My patient wouldn’t let me leave without a gift – well, three gifts, to be precise: a Danish pastry (which I’d not eaten with the cup of tea he’d made because of my diet), half a dozen eggs from his friend’s hens, and large wooden bowl.
It was a chunky heavy piece, hewn from a great branch, left with much of the rough uneven edges of the original tree. But it had laid unused in an old coal scuttle next to an empty fireplace for the past two years since he had downsized to a smaller property.
“Take it,” he said, “if you like it. If you don’t, I’m only going to throw it away.”
Sucker for a piece of ‘real tree wood’ (as my father used to call it) how could I refuse?
Back home, I knew it wouldn’t be difficult to restore it to its former glory. Impatient to do so and with no teak oil in the house, I found the lemon oil that my husband uses to care for the beautiful cherrywood of his guitars. Carefully and gently I wiped away the accumulated dust, grime, and glitter from the bowl’s surfaces and crannies with a damp cloth. Then, once the bowl had dried, I stroked the softly scented oil into all its smooth surfaces, leaving the crude irregular parts matt to emphasise the contrast.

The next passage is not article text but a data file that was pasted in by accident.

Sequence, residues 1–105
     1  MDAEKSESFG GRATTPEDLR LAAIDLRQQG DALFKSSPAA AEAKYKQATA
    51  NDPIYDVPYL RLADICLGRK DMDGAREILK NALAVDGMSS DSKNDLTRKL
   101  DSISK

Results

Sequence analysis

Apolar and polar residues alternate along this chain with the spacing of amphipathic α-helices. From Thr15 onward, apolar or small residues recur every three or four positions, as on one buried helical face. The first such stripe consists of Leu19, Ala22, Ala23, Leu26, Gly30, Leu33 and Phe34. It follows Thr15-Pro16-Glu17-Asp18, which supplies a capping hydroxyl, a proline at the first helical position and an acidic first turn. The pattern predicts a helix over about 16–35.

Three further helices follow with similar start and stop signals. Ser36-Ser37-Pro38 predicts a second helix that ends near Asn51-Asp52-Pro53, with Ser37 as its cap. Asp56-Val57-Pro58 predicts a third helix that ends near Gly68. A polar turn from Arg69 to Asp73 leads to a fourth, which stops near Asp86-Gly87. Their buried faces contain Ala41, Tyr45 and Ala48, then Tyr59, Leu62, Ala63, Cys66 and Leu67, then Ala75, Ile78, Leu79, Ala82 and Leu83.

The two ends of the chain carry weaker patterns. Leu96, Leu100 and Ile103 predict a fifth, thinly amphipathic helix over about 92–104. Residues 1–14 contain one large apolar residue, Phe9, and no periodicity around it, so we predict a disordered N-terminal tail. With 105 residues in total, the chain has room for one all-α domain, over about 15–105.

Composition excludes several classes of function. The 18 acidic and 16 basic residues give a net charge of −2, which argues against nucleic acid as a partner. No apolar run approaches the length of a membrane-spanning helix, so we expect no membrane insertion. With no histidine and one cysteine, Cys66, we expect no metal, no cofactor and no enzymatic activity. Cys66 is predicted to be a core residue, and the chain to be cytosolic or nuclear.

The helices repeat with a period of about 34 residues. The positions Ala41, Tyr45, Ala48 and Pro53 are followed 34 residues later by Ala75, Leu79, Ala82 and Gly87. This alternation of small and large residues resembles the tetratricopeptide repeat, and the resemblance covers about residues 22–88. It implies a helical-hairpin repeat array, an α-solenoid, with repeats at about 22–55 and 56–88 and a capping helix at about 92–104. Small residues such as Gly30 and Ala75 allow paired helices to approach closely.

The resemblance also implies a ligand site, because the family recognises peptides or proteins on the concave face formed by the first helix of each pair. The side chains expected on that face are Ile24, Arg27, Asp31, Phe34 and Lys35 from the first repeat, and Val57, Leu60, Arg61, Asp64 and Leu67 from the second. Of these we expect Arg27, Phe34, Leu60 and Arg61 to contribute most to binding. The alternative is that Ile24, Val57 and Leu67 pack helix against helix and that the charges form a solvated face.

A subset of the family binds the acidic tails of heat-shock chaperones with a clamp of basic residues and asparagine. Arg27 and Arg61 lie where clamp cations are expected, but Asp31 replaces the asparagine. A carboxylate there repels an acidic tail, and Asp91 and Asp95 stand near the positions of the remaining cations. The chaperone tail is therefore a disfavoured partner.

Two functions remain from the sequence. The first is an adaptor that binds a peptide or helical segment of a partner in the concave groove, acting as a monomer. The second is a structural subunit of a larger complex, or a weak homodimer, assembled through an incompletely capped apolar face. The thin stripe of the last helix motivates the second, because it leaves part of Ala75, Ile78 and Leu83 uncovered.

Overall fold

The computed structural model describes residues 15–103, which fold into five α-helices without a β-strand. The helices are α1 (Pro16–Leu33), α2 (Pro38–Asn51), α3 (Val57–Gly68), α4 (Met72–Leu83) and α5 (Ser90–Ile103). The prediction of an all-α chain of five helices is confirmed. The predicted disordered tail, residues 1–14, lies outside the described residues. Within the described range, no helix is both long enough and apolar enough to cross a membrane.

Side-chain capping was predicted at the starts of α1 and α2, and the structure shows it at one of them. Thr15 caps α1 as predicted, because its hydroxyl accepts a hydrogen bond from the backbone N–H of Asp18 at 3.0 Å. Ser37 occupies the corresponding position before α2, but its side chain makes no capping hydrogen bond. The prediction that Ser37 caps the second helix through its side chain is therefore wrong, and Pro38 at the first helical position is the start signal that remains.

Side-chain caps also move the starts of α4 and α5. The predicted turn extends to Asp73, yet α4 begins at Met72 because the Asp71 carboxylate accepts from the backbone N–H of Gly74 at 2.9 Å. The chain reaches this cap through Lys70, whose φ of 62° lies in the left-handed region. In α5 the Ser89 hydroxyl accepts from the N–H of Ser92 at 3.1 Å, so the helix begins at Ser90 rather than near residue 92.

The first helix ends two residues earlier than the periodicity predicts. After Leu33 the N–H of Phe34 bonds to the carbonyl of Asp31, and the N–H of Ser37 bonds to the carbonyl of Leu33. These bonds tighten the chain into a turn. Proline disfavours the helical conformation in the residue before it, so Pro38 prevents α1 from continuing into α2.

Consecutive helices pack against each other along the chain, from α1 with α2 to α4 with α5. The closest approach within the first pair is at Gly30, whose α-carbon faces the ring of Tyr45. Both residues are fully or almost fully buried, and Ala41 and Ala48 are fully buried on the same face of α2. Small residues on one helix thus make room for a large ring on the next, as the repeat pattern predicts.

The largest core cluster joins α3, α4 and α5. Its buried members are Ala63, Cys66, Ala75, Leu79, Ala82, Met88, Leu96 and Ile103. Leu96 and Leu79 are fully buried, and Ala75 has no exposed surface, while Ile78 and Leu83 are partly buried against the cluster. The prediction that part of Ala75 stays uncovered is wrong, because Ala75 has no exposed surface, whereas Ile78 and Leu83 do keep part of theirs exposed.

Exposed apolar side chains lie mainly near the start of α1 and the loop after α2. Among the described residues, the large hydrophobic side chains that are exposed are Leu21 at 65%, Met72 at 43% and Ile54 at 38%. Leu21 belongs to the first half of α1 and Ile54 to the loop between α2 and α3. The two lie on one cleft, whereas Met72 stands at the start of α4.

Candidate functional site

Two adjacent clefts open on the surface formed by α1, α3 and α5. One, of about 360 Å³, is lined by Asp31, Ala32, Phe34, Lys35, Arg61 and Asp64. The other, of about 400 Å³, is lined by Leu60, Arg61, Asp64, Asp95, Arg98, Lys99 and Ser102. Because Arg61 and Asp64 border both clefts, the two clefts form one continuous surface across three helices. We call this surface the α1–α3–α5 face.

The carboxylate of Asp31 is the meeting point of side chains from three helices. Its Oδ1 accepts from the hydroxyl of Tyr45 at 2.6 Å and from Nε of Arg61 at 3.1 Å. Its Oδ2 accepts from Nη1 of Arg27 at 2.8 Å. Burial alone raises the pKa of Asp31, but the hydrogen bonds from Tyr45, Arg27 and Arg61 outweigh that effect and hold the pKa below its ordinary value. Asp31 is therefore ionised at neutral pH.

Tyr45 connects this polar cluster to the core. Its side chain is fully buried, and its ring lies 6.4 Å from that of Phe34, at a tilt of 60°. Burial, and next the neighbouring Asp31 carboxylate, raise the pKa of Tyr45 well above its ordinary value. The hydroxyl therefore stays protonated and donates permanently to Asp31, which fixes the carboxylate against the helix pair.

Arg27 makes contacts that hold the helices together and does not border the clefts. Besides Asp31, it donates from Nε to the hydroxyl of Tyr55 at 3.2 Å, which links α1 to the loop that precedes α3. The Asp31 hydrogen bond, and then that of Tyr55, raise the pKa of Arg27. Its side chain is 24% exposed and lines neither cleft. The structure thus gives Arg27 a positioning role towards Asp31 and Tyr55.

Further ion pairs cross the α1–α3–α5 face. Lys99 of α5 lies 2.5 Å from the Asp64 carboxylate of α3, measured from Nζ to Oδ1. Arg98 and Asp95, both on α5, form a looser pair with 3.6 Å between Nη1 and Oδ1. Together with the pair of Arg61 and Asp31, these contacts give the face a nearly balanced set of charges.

It glowed. The contrast of all its curves and age lines stood out as they should. It was restored to how its creator had intended.
And I thought about what restored actually means. The dictionary defines it as when something is returned to its former condition. But there’s another definition, which is when something is given back to its original owner.
And I wondered what is required for us to be restored?
Perhaps we too need to let One who loves us and wants us to clean us up and apply not a hard varnish but a holy oil that will sink right into our very being and bring out our natural glow? We were meant to be clean, shining with His inner light, knowing who made us and to whom we belong.